Eating along the water is almost universally appealing. We are drawn to the waterfronts of our communities, and we are also drawn to delicious dining options: So, to have the best of both is a powerful combination! Restaurants that accomplish this with a flare not only attract patrons, but can also define the waterfront in that neighborhood and for the city.
There are many kinds of waterfront dining establishments, from pop-ups to hybrid restaurants (on boats and land), temporary (seasonal), those that extend over the water or are housed within hotels and museums. There is no doubt that clusters of these types of dining establishments on or near the water can (and often do) become significant attractions!
A Few of the Best:
Below, we explore six of the best waterfront dining areas that we have seen.
Copenhagen: Paper Island
In Copenhagen, Paper Island was home to what was a temporary, five-year activation of an unused warehouse across from the city's main waterfront attraction, it closed in 2018. It was a very bold, eclectic experiment which became home to Copenhagen Street Food, a collective of 60+ eclectic food stalls and street food vendors in a colorful and playful setting.
Seating and dining areas spread throughout the warehouse, which was broken down into different spaces ranging from smaller, more personal seating areas to ones designed to accommodate larger group experiences. Some vendors stalls even had seating above their stalls.
During warmer months the quayside overflowed with activity, with people using the deckchairs, benches, and spaces around old shipping containers adapted for makeshift seating arrangements. The energy inside and out of the market quickly became infectious to visitors and locals alike.
Brooklyn NY: Dekalb Market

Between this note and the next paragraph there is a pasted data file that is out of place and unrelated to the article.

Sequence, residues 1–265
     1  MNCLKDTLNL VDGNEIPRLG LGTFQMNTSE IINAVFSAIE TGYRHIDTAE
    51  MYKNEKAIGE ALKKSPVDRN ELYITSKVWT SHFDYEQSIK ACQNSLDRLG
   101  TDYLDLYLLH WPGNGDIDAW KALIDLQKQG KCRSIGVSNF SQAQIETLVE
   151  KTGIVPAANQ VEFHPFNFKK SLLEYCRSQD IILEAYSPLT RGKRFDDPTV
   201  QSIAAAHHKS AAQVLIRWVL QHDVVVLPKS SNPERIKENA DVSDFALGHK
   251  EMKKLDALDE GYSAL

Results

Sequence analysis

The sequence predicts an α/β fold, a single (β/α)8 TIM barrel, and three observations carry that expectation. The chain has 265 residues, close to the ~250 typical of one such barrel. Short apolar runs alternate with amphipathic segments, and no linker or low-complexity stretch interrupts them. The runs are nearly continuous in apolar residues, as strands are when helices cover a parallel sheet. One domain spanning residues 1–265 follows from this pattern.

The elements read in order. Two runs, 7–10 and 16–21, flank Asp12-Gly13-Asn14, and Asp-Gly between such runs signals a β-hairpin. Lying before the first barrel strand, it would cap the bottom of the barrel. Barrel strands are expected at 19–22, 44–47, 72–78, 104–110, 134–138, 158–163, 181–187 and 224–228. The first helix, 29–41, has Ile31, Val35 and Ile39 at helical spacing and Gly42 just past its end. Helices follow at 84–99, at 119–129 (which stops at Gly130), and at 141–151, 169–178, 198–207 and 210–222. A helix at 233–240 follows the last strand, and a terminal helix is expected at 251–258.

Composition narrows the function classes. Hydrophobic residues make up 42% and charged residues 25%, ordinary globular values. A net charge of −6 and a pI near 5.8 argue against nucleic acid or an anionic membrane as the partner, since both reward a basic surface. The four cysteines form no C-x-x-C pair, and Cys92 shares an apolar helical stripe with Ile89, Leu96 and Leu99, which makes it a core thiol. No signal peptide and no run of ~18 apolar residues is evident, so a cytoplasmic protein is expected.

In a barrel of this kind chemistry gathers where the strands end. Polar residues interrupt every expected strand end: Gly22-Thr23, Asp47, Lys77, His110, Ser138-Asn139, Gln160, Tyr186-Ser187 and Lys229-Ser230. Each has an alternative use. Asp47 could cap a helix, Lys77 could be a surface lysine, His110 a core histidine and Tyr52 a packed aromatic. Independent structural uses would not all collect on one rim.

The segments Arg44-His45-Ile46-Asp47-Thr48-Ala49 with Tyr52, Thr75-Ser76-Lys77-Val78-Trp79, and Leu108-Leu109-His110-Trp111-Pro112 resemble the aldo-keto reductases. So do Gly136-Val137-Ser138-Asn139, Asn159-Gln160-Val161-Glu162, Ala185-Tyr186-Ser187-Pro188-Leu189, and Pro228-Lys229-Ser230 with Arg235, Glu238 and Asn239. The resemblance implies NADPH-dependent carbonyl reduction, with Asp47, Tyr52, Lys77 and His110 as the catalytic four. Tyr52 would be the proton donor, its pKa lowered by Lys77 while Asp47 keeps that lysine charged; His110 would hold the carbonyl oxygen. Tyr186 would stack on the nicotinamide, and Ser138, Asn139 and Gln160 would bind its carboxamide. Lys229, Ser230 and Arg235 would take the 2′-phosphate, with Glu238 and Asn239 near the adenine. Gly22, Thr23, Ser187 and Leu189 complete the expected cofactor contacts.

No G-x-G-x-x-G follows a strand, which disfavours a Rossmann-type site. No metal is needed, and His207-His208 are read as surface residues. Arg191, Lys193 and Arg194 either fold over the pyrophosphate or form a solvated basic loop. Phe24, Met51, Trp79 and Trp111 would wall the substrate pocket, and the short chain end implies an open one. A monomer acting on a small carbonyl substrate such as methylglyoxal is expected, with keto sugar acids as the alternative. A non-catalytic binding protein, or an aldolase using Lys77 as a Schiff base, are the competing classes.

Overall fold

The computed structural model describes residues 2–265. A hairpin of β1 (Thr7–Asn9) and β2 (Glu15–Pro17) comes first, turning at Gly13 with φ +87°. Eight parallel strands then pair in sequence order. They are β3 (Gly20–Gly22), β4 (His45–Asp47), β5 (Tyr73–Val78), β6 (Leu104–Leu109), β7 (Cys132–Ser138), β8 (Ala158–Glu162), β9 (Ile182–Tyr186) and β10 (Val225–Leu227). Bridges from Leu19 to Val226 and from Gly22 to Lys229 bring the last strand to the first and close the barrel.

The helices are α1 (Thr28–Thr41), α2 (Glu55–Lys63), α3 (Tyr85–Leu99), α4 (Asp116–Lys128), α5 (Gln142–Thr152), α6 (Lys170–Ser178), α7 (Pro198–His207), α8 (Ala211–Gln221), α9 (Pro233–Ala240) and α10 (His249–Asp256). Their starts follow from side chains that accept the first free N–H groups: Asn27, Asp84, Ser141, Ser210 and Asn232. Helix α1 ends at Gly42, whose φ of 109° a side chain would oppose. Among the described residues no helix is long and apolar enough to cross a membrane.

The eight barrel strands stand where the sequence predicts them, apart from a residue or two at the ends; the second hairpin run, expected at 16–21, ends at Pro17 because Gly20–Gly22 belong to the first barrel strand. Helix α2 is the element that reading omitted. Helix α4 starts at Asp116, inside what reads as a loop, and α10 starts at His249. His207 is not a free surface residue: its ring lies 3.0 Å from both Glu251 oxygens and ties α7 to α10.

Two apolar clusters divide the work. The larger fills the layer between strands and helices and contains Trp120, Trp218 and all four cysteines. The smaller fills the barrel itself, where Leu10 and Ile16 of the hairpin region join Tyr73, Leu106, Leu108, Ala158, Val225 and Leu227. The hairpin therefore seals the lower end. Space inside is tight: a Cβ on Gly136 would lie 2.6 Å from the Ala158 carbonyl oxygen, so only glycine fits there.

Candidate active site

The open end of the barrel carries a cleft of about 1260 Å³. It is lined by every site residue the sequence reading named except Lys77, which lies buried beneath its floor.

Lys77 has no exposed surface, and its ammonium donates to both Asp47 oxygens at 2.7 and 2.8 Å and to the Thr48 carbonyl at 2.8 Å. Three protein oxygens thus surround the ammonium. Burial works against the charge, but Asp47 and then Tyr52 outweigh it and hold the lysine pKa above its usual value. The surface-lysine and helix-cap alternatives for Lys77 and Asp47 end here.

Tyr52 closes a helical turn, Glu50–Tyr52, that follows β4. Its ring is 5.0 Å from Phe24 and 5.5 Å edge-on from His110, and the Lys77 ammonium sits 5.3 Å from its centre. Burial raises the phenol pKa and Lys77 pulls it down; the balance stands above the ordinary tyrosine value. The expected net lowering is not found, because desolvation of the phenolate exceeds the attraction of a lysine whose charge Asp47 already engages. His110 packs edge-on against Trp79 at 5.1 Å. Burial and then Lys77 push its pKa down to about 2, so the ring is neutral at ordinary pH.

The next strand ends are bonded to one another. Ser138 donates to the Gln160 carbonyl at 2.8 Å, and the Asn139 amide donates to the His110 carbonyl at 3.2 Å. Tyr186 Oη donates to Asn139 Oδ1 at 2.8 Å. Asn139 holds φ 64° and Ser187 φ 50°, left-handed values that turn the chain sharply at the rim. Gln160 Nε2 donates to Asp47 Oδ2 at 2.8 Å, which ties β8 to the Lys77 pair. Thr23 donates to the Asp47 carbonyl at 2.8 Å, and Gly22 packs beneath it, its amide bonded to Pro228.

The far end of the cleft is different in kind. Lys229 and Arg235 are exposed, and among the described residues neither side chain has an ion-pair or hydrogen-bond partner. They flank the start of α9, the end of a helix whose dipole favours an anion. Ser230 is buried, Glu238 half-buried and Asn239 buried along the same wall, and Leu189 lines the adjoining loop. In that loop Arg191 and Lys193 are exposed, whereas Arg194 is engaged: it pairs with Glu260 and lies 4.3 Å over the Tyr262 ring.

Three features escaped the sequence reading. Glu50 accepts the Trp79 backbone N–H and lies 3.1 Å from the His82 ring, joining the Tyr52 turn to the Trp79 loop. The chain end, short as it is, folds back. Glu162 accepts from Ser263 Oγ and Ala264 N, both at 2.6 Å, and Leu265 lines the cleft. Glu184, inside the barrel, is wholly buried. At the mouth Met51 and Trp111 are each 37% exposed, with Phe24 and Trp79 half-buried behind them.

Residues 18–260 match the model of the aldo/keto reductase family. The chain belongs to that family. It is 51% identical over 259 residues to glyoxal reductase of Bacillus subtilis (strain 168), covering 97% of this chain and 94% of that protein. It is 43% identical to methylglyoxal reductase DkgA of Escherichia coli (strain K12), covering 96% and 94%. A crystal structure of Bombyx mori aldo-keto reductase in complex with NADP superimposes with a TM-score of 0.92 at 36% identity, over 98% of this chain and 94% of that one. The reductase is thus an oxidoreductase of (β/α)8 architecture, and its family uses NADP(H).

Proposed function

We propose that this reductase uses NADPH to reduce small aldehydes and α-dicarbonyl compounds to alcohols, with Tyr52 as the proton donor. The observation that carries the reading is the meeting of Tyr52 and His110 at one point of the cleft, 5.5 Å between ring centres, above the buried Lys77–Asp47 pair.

Like Paper Island, DeKalb Market was once a great outdoor destination, filled with salvaged shipping containers that housed food vendors, public art, and performance spaces. Now that the space where it once stood has been developed into a large building, it is remembered fondly and lives on in the form of a new version of that market in the basement of the building.
Paris: Bassin de la Villette and the Seine
Pop-ups along the Seine and Bassin de la Villette are an explosion of creativity through ongoing improvisation. It defines a revolution in creating public spaces for all kinds of communities for waterfronts around the world. This is not just tourist destination, but a popular place for residents to experience not only opportunities for dining, but also the wealth of activity in what is largely a stage set for dancing, concerts, games and everything under the sun.
Along the Seine: Les Berges
On the Left Bank, starting at Musee D'Orsay and ending near the Eiffel Tower, this promenade buzzing with art, games, hideaways, athletic challenges, and plenty of food is part of a unique, highly dynamic section of the Seine waterfront, giving this part of Paris a proud reason to visit.
Paris Plage: Upper Seine - Left Bank
The upper Seine has always been a place of community gathering, with wide spaces for people to gather in groups or couples to relax. But recently, further up the Seine, a group of highly creative temporary restaurants have popped up both on and off the water. Now, the options are plentiful.
Paris Plage: Right Bank
It has been fun to watch this part of the Seine continue to change over the past 15 years. It was a revolution in waterfront activation when it was first started in 2003. Now, it is a waterfront space that also uses food as part of its appeal!